One cautionary note, LPs may shift in importance during different seasons of your life. You are weighting these priorities based on where you are in your life today. I started my own business in 2005 and was charging ahead on what was my #1 LP at the time, employment that is personally challenging and rewarding. I was growing my company; it was an exciting time. But in 2007, I was diagnosed with thyroid cancer. While my work continued to be one of my top 4 LPs, out of necessity another moved to the #1 slot. Maintain good health became my #1 LP and remains so today. Shift focus if you need to, just make sure it is your decision to do so. 

Get caught up on the entire Intentional Living series:




When Is Gift Giving Too Much For Kids To Handle?

by Christine

Several years ago one of my grandchildren received a Christmas gift from his Aunt.  Barely acknowledging her kindness, he quickly tore off the gift wrapping, took one look at the present and threw it on the floor stating, "I don't want this!" Every adult froze as if the air had been sucked from the room. His father quickly commanded that he retrieve the gift and accompany him to another room in the house. When they returned my red faced grandson apologized to his Aunt and thanked her for the present. 

Candidly, I had a great deal of sympathy for my grandson. He is normally a loving and gracious child; he loves life and embraces it with all his heart. But during the previous 24 hours he had no less than 5 big holiday meals and gift exchanges with extended family. It started Christmas Eve at his maternal grandparents and ended with the melt down at his paternal great grandparent's home on Christmas Day. Sugar charged with limited sleep, he stated what was really in his heart. He just didn't want one more thing.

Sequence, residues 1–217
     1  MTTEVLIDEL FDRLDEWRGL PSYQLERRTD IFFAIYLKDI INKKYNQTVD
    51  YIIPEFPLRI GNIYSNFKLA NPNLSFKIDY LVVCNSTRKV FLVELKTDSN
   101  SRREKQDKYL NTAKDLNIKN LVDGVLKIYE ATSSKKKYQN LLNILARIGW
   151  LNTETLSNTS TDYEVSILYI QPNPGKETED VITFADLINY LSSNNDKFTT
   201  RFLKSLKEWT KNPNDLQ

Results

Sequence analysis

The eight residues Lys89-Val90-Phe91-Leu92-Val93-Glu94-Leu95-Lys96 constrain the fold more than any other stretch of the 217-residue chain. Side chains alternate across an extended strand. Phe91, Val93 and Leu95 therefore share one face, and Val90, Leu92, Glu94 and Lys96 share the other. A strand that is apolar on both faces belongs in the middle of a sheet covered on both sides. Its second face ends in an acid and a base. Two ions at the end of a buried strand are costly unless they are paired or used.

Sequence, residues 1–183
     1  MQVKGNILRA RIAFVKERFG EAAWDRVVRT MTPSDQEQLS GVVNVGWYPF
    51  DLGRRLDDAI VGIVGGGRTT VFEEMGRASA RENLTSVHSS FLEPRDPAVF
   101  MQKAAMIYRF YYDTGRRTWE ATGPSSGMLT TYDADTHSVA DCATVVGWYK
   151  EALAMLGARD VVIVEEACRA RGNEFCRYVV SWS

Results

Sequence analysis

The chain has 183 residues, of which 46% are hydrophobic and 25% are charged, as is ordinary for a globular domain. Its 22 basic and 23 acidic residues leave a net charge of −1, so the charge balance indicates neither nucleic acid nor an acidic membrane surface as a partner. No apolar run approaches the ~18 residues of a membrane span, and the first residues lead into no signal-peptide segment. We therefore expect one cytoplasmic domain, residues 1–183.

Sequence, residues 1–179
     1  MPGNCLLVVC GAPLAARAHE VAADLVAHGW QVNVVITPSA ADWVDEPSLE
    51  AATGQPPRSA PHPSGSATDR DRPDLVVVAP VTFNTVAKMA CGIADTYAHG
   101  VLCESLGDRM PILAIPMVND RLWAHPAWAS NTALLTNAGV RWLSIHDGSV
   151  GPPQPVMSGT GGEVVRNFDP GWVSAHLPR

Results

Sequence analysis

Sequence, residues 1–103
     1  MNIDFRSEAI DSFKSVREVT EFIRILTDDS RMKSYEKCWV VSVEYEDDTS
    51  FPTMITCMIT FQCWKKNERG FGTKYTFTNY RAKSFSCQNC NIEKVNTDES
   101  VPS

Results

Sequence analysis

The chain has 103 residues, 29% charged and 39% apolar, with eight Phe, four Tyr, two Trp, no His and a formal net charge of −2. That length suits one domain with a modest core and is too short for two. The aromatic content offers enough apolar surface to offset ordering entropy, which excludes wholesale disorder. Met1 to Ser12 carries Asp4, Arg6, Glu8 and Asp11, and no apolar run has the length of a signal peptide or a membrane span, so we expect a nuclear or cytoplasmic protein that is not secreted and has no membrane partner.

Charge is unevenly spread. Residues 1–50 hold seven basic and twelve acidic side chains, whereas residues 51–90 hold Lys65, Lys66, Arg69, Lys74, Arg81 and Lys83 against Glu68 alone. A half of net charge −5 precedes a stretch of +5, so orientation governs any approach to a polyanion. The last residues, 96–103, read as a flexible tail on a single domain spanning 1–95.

We are a family of divorce and the multiple sets of great grandparents and grandparents have come to a place in life where there is some discretionary money. It gives us all a great deal of pleasure to spend it on our grandchildren. Christmas is one of those times when each of us has been guilty of overdoing it when it comes to the little ones. But as I stood watching my grandson, exhausted, overwhelmed by the day and embarrassed because he had behaved badly, I realized that too much of a good thing can ruin the day. 

It was clear to me that the fault did not lay with my grandson but with the adults that had turned a religious and family holiday into a consumer endurance event. In that instant I decided to change my approach to gift giving at Christmas and birthday's for my grandchildren. I set up a savings account for each grandchild; it is their dream account. I budget a specific amount of money for special occasions and then deposit that amount into their account. These accounts are not for college but for something special when the time is right. If they want to learn how to wind surf or buy a musical instruments to play in a rock and roll band in a few years, they may use money from their dream account.